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The March of Concentrating Solar Power Continues

Concentrating solar power, the rapidly-growing alternative to photovoltaic power, continues its expansion. A joint venture between two energy companies, one from Spain and one from Abu Dhabi, is set to build 6 GW of new CSP in the next three years in Spain, the US, and the Middle East.

The company, Torresol Energy, is a joint venture between Spain’s Sener and Abu Dhabi’s Masdar. It recently opened two new 50-MW concentrating solar power sites in Spain. But its new plans put those stations in the, well, shade.

Torresol Energy plans to invest up to $5 billion in new concentrating solar energy plants in Spain, the United Arab Emirates and wider Middle East, North Africa, and the sunny southwestern US. If it’s able to secure all the funding it’s looking for, it should be adding a total of 6,000 MW of new capacity. That’s the same capacity as the United Kingdom’s entire wind sector.

At least one of the plants will be built in Abu Dhabi, not surprising since one of the venture partners hails from there—in fact, Masdar is a green energy specialist owned by the Abu Dhabi government. Still, it’s cheering to think that the Emirate is so flush with oil money that one of its richer Sheikhs who had his name carved into the ground in half-mile-tall letters is going to have a new solar plant.

The most exciting projects, though, might be those in North Africa. Many believe that a vast network of CSP stations in North Africa could one day supply a large proportion of Europe’s energy needs.

The technical bit: concentrate…

Concentrating solar power stations might achieve similar things to the better-known photovoltaic variety—take sunshine and produce energy—but they get there by a very different route. While photovoltaic power uses electronic cells to convert sunlight directly into energy, CSP takes a more indirect route, using hundreds of specially-designed mirrors—known as heliostats—to reflect the sun onto a single space, heating it intensely.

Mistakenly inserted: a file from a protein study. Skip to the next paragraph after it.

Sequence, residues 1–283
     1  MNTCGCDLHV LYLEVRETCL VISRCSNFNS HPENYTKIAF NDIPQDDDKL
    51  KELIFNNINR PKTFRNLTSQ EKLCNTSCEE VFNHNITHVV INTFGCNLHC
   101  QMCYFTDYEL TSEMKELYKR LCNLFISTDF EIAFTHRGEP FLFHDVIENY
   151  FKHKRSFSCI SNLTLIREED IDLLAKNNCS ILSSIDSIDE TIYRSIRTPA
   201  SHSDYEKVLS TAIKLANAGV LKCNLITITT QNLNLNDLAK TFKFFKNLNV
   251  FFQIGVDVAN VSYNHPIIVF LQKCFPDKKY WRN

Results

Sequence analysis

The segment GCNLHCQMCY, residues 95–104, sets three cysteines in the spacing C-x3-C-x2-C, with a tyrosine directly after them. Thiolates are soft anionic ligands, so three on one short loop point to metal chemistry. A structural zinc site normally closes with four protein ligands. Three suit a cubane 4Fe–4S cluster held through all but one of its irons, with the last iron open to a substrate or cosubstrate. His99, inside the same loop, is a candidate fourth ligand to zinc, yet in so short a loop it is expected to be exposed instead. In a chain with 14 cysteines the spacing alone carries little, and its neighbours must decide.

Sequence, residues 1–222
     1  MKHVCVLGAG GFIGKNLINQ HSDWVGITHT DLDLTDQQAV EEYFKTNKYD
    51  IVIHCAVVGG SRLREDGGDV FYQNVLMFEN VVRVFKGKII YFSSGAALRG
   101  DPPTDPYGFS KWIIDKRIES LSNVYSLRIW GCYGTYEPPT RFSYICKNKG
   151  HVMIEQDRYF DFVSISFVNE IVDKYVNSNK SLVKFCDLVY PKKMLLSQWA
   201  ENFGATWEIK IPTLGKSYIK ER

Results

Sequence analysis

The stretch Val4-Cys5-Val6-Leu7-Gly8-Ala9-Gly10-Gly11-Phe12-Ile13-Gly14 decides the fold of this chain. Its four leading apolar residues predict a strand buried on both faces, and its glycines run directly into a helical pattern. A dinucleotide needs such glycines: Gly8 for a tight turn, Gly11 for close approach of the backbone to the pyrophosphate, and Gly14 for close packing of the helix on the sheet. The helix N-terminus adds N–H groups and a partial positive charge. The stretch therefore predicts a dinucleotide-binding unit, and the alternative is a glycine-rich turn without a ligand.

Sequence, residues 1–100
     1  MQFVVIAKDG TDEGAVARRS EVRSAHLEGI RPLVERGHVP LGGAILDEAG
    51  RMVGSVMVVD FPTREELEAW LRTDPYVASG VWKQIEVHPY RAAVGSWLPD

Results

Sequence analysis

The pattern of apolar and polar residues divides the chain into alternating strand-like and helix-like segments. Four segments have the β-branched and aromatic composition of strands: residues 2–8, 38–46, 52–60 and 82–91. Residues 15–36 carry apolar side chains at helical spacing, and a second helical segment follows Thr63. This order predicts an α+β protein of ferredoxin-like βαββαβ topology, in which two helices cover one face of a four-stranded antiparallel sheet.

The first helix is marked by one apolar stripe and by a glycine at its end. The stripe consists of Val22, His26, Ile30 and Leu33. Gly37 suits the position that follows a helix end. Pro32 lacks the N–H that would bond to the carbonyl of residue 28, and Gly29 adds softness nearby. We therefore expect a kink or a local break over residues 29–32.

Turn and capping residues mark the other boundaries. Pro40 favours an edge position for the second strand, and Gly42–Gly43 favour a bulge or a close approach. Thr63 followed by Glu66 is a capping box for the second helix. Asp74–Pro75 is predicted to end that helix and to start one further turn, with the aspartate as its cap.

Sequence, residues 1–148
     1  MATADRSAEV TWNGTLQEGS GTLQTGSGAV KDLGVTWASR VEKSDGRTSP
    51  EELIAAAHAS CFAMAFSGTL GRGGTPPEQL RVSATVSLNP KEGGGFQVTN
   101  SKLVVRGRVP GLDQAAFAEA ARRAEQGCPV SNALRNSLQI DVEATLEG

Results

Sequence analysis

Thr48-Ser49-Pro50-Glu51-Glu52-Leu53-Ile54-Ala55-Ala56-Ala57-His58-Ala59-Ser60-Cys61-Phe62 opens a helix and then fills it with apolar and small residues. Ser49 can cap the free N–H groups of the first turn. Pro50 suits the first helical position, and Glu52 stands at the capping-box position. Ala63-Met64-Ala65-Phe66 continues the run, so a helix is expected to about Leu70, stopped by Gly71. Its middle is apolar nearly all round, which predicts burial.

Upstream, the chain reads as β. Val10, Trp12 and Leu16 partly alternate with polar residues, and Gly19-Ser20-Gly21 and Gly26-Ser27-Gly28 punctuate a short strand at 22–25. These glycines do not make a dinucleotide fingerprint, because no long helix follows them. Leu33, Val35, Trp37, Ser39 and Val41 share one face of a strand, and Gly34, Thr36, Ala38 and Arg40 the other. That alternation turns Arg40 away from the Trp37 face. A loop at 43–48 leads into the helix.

Inside that space, usually a tower, is a special fluid solution. That superheated fluid can then be used to generate power in much the same way the steam in an old-fashioned, coal-fired steam engine does. But unlike PV power, it can also be stored for more gradual use using relatively low-cost thermal storage equipment (essentially highly-insulated storage for the heated liquid). That means CSP is arguably a better replacement for fossil fuels than PV, because it can be used to provide power even when the sun isn’t shining (for more on this, see Keeping the Lights On: Why Concentrating Solar Power is Vital to Tomorrow’s Energy Mix).

For more on concentrating solar power, see Some Skepticism on Solar Thermal Power’s Storage Potential.

Source: SmartPlanet | Picture: WikiMedia Commons


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is a London-based freelance journalist passionate about climate change, development and technology. He has written for the Daily Express, Excite.co.uk, and the Fly. He blogs at ravcasleygera.wordpress.com.

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